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Women of the woods: Inside Berkeley's forestry program

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Madeline Green and Allison Erny practice "buck-sawing" with Cal Logging Sports at the Russell Research Station.


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Founder and Editor, The Weekender

NOVEMBER 07, 2014

“Go bears! Get low! Quicker pulls! Almost there!”

Wood chips fly and cheers fill the air as seniors Madeline Green and Allison Erny take turns pulling a long, jagged saw back and forth across a log. They are trying to cut a cookie (a round slice of wood) as fast as they can. To their right, Justine Zeni, one of Cal Logging Sports’ three captains, gears up her chainsaw. Professor Scott Stephens sits nearby preparing homemade ice cream for the after-practice BBQ.

online chipping
Anya Schultz/Senior Staff

It’s a crisp October Sunday, and Cal Logging Sports is in the forest practicing for an upcoming competition. The team of some 10 students is training under a canopy of Monterey Pines at Russell Research Station, a university-owned property that sits 30 minutes east of campus.

“It feels rewarding to say I chopped a log in half with a heavy axe,” said senior Lilah Gonen. “There’s something very simple about it, but it feels so satisfying.”

The women are learning old-time forestry traditions such as chopping, where participants use an axe to split a log in half. In the spring they will compete in birling, an event in which contestants attempt to balance on a rolling log in water.

Cal Logging Sports, a traditional sport for old-time male loggers, is just one part of UC Berkeley’s forestry and natural resources major. The program is one of only a handful in the state and the most female dominated by far.

“They have more resources and coaches and a lot more burly men,” said Gonen of other forestry programs, such as those at Humboldt State and Cal Poly. “But we have spirit, and we have a lot of fun.”

Berkeley’s forestry program has 32 majors that study the art and science of managing forested landscapes. More than two-thirds of the students are female.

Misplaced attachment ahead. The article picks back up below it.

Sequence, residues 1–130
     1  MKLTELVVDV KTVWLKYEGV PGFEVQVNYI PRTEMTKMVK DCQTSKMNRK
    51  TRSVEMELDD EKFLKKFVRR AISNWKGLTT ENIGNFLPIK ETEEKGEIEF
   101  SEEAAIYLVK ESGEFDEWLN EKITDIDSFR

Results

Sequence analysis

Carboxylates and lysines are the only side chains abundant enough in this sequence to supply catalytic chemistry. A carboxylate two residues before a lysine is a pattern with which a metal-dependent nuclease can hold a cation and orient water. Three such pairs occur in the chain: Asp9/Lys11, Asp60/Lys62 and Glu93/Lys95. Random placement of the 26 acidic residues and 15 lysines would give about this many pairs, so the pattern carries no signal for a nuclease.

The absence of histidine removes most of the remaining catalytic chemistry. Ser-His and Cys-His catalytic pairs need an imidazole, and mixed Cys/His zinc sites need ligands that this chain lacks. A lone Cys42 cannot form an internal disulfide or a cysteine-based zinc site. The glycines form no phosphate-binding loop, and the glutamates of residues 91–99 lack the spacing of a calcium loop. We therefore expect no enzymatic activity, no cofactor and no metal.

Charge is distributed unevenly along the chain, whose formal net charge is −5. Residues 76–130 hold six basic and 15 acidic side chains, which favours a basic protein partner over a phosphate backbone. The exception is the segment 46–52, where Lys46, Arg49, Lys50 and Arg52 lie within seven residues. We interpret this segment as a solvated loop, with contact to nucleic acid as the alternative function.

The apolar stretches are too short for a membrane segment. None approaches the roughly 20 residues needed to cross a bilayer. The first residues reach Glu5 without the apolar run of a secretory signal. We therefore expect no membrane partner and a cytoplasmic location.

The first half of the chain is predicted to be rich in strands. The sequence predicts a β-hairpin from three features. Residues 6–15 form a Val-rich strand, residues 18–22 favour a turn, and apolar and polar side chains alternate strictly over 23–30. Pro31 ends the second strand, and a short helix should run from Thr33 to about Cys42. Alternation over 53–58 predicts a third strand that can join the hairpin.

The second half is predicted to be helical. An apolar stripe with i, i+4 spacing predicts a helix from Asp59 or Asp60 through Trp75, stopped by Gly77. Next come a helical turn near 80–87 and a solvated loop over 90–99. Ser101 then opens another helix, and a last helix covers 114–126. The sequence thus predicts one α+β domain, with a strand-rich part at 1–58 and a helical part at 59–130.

“This isn’t a national trend. It’s something unique here at Berkeley,” said professor Kevin O’Hara, the advisor for the forestry club on campus. “Forestry has been a male-dominated field forever.”

Berkeley’s program, which has been around since 1914, reached an equal gender ratio in the 1980s. Only eight women had graduated from the program before 1965. It has since turned mostly female.

Despite the traditional image of a male lumberjack logging in the forest, the women of the program recognize the value of their trade. A quarter of California is forest, and there are more than 6 million acres in the Sierra Nevada alone that need restoration. After graduation, forestry students will likely work for the U.S. Forest Service or private industry, playing a vital role in managing and protecting the state’s increasingly threatened forested landscapes. Forests are the home to beloved national parks and are the heart and soul of many northern California counties whose primary industry is logging.

online chainsaw
Anya Schultz/Senior Staff

“If you want to build a house, you need us. If you want paper, you need us,” said Green, a forestry student. “If you want toilet paper, you need us. If you want your kids to see forests, you need us.”

The major

Gonen often has to explain her major to fellow students who assume her interest in forests means she wants to be a park ranger. She and her peers study how trees grow, how they operate in forests, how they affect people and how people want to use trees.

The major doesn’t have its own department, in part due to its focus on interdisciplinary knowledge. The students’ curriculum spans from policy and economics to plant biology and taxonomy.

“We focus on the science behind what foresters do,” said professor Joe McBride, who has taught forestry for 44 years. “We are a little less of a ‘how to do it’ school as we are a ‘why to do it’ school.”